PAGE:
In his remarks upon receiving his honorary degree, Pepper acknowledged the credit owed to Mildred as his “absent partner.” He believed Florida State University was a fitting place for his papers and museum because her spirit and memories would always be part of the campus. The permanent home for his work would be a monument to all that he and Mildred had achieved together.
Florida State University President Bernard Sliger invited preeminent politicians to speak about Claude Pepper’s accomplishments before awarding the honorary doctorate. Speaker of the House Tip O’Neill, Florida Governor Bob Graham, and Representative Don Fuqua were invited not just because of the seats they held, but because they were friends and close allies to Claude. Governor Graham spoke for the people of Florida about Pepper’s decades of work both for the state and representing Floridians’ interests on the national stage. Fuqua, the representative for Florida’s 2nd district including Tallahassee, welcomed and introduced the members of Congress that had flown down from the Capitol D.C. for the celebration of Claude Pepper.
Tip O’Neill spoke, at the invitation of President Sliger, about Pepper’s tenacious work on behalf of all Americans to protect policies including the New Deal, civil rights, Social Security, and Medicare. They had worked closely on an agenda since O’Neill’s selection as Speak of the House in 1977. In that time, the Speaker had placed Pepper on the bipartisan commission on Social Security and gave him the chairmanship of the powerful House Rules Committee.
Correspondence and other documents from Claude and Mildred Pepper’s work with Florida State University as well as videos of the ceremony can be found in the Claude Pepper Papers held at the Pepper Library. For more than two hundred additional images from the Pepper’s visits to FSU and the dedication of the Pepper Library, please visit the Florida State University Digital Library.
During the late 18th and early 19th centuries, the making of a death mask was fairly customary when a great leader died. A plaster cast of the face of the recently deceased would be taken and from that parent mold, plaster and bronze copies could be created. They were mementos of loved ones lost and could be used by artists to paint portraits or create sculptures of the dead.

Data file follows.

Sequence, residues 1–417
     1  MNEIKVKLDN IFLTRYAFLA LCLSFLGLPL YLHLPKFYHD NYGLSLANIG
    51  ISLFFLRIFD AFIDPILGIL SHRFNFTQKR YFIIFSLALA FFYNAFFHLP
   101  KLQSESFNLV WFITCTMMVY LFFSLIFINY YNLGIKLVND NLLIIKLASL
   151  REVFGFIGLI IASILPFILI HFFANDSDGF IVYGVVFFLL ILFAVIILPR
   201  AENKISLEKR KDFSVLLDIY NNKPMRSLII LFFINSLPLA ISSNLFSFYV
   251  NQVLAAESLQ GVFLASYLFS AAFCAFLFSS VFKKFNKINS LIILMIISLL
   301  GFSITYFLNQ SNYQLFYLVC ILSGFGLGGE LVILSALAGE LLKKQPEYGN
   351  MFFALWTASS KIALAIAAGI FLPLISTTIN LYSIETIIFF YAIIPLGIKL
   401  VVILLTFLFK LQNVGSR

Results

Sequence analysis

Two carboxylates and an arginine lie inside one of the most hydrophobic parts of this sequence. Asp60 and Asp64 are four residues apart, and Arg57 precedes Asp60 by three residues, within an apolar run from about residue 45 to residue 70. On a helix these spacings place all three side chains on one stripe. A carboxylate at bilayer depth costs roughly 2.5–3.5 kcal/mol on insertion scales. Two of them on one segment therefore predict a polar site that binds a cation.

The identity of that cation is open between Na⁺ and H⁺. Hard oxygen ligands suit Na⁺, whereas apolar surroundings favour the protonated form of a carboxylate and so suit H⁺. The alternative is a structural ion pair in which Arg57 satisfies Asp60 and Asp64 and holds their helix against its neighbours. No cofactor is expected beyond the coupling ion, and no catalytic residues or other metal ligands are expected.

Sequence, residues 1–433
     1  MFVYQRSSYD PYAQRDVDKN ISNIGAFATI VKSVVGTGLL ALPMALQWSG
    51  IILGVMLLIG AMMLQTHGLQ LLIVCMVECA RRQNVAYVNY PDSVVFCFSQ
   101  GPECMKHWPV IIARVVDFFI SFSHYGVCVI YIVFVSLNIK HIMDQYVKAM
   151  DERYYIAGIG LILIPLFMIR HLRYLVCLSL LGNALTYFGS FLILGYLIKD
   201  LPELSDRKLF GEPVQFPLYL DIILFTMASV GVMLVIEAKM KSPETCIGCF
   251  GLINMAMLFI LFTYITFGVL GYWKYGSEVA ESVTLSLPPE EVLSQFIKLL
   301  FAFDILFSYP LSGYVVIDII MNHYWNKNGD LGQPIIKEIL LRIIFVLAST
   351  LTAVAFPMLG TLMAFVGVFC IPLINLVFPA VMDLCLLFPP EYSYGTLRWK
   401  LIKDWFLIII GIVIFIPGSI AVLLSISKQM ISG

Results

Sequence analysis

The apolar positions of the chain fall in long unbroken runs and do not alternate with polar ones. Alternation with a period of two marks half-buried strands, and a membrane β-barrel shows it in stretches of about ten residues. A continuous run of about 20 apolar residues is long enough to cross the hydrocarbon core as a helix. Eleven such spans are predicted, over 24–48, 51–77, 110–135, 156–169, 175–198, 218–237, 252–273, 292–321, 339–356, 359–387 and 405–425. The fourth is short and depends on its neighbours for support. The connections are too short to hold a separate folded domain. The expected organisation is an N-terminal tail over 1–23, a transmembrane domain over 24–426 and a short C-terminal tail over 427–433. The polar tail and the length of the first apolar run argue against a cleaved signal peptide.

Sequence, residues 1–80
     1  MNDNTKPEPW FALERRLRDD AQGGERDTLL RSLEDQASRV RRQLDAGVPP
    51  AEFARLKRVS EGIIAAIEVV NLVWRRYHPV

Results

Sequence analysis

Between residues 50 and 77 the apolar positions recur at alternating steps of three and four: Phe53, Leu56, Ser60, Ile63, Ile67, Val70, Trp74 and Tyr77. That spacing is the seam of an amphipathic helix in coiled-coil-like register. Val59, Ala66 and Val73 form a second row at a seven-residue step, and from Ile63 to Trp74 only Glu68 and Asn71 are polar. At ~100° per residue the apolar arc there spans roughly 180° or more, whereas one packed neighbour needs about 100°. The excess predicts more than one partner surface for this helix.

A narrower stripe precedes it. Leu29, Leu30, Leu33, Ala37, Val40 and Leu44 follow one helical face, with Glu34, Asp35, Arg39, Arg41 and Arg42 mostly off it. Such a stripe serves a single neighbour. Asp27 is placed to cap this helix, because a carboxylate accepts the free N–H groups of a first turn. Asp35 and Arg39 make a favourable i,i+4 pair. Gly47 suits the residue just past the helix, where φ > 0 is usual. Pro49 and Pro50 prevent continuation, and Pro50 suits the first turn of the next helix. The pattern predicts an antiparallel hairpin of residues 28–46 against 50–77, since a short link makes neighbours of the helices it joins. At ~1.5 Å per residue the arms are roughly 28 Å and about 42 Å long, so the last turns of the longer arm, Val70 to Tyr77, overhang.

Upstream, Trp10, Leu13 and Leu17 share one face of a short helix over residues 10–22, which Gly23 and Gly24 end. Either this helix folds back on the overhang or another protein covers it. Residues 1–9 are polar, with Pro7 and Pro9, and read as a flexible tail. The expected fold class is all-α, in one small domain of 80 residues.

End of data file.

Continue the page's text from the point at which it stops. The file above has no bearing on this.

When Napoleon Bonaparte died on May 7, 1821, a death mask was created by his attending physicians. It is undecided which of them took it or if both took separate ones and indeed, mystery has surrounded the original mask and its copies ever since. There are supposedly few copies of the death mask in existence today and here at FSU, we hold one in the French Revolution and Napoleon Collection.
The death mask made its first appearance at FSU in 1966 when the owner, Dr. David F. Sellers, allowed it to be put on display for a colloquium on Napoleonic history held at FSU. Sellers’ mask was made from the mold taken by Dr. Francis Burton the day after Napoleon died.
It was not until 1984 that a death mask found a permanent home in FSU’s collections, donated to Strozier Library by Edward Scott of New Hampshire. It has remained one of the focal points of our Napoleonic collections ever since.
In celebration of Napoleon’s death anniversary this year, we took our mask into the Digital Library Center for a photo shoot. It is one of the most interesting pieces (in my opinion) to share with people, not only for the historic figure the mask is of, but as an example of the lost tradition of mourning it represents.
On May 15th this year the Claude Pepper Library will turn 30! Throughout this month and the rest of the year, the team at the Claude Pepper Library will be providing some history and context about the library and its namesake.
“For more than six decades, Florida has been my home.[i]” That’s how Claude Pepper began the second chapter of his 1987 autobiography, Pepper: Eyewitness to a Century. Claude Denson Pepper loved the State of Florida and many of its lively cities, one of those cities he loved was Tallahassee.